Updated at 10:27 p.m. ET

Intense wildfires are ravaging large swaths of the West Coast, prompting thousands of people to flee parts of Oregon and forcing power outages in California, where fires have already burned a record of more than 2.3 million acres this year. Fires are burning from Washington state to Southern California.

Updated at 5:58 p.m. ET

La'Ron Singletary is resigning as police chief in Rochester, N.Y., as protests continue over the March death of a Black man, Daniel Prude, by asphyxiation after being restrained by police. Much of the encounter was caught on video.

Other senior police leaders are joining Singletary in leaving the department, Rochester Mayor Lovely A. Warren said.

Nine drug companies pledged Tuesday that they will not submit vaccine candidates for FDA review until their safety and efficacy is shown in large clinical trials. The move is intended to bolster public confidence amid the rush to make a COVID-19 vaccine widely available, and counter fears of political pressure to have a vaccine before the November presidential election.

Updated at 2:25 p.m. ET

Rescue workers in Beirut are delicately exploring the rubble of a collapsed building where a specialist team says it detected signs of life — one month after Lebanon's capital was devastated by a massive explosion at its port.

The effort began after a sniffer dog named Flash signaled to his Chilean search and rescue team that someone might be alive under the concrete and debris in the neighborhood of Mar Mikhael.

"There's no doubt whatsoever" that an operation to poison Russian opposition leader Alexei Navalny was approved at the highest levels of Russia's government and intelligence services, according to Steven Hall, the former CIA chief of Russia operations.

"There really is no other way to explain this," Hall said in an interview with NPR's Mary Louise Kelly. "And this is something that the Russian intelligence services have been doing literally for decades, if not longer."

Updated at 10:55 a.m. ET

Facebook said it won't accept any new political ads in the week leading up to the presidential election, one of several policies that CEO Mark Zuckerberg said will help ensure a fair election in November. One such measure involves deleting posts that claim people will get COVID-19 if they vote.

The Army has removed Maj. Gen. Scott Efflandt from his post as Fort Hood's senior commander, a week after another soldier from the base was found dead. The Army also says it will expand its inquiry into the killing of Spc. Vanessa Guillén, who is one of a string of disappearances and deaths at the Texas post.

Updated at 2 p.m. ET

Russian opposition figure Alexei Navalny was poisoned with a variant of Novichok, a Soviet-era nerve agent, according to tests carried out by a German military laboratory. A German government spokesman said the evidence is "without a doubt."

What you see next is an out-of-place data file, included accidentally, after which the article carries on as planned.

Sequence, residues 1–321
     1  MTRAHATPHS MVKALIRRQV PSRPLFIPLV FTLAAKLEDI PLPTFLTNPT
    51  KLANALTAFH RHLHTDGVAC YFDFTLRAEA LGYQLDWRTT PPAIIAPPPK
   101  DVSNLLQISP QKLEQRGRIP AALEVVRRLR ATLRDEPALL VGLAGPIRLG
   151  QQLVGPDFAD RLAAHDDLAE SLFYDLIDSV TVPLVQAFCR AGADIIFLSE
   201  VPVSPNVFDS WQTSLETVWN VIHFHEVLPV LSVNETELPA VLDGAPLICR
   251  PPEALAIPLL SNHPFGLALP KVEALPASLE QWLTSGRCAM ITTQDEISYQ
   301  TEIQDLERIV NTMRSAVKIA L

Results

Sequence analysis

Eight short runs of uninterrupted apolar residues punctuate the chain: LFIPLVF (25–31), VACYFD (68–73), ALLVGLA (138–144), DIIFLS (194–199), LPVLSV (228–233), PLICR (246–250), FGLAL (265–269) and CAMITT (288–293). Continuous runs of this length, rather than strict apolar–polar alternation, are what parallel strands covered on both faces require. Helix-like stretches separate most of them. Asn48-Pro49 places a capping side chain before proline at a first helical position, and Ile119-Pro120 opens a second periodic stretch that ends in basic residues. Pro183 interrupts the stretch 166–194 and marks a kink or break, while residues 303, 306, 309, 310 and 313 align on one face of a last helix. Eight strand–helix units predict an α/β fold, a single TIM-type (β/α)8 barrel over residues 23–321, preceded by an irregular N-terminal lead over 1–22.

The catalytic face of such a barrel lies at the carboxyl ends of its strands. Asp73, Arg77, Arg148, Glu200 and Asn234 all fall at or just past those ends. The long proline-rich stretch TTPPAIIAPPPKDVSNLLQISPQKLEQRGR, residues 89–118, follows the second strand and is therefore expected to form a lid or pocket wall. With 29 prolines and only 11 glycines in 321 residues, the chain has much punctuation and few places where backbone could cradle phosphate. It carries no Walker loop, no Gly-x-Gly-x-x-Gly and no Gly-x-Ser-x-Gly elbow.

Navalny "is the victim of a crime that intended to silence him," German Chancellor Angela Merkel said during a news conference Wednesday about the findings. The crime, she said, was an "attempted murder."

Florida Gov. Ron DeSantis is ordering state agencies to end their relationships with Quest Diagnostics after the large medical laboratory said it had mistakenly delayed reporting the results of nearly 75,000 coronavirus tests to the state.

The delayed results dated as far back as April. Quest has apologized, saying a technical error was at fault.

While the problem resulted in Florida's Department of Health being left in the dark about a large clump of results, it did not keep people who took the tests from getting their results, the lab said.

New York City will delay its start of in-person classes at public schools until Sept. 21 as part of a deal with the United Federation of Teachers, Mayor Bill de Blasio and other officials announced Tuesday.

The union, which represents most of the city's educators, had been on the brink of voting whether to authorize a strike over safety precautions related to the coronavirus. The new agreement is aimed at addressing health concerns for educators and their students.

Los Angeles County sheriff's deputies shot and killed a Black man Monday afternoon, sparking a protest and an investigation by homicide detectives. Two deputies tried to stop the man as he was riding his bicycle and the encounter turned violent, the Sheriff's Department says.

Hurricane Laura unleashed terrible winds on the Louisiana coast, but its effects are "looking relatively tame from an economic perspective" – especially when compared with other powerful storms, according to an early analysis by Moody's Analytics.

Alexei Navalny has been in a medically induced coma and on a ventilator since last week, but the Charité hospital in Berlin says the Russian opposition figure's condition is stable and his life is not in danger.

"While his condition remains serious, there is no immediate danger to his life," the hospital said in a statement released Friday.

"There has been some improvement" in Navalny's condition, it added.

Emergency crews, utility workers and residents are mourning over the damage and cleaning up the mess Hurricane Laura made in southwest Louisiana. The storm — whose 150-mph winds tie for the strongest to ever hit the state — wrought destruction on a broad scale, leveling warehouses and crashing trees through roofs.

Residents are finding telephone poles and large trees strewn across streets. In Iowa, a small town a few miles east of Lake Charles on Interstate 10, the hurricane smashed Fire Station No. 1.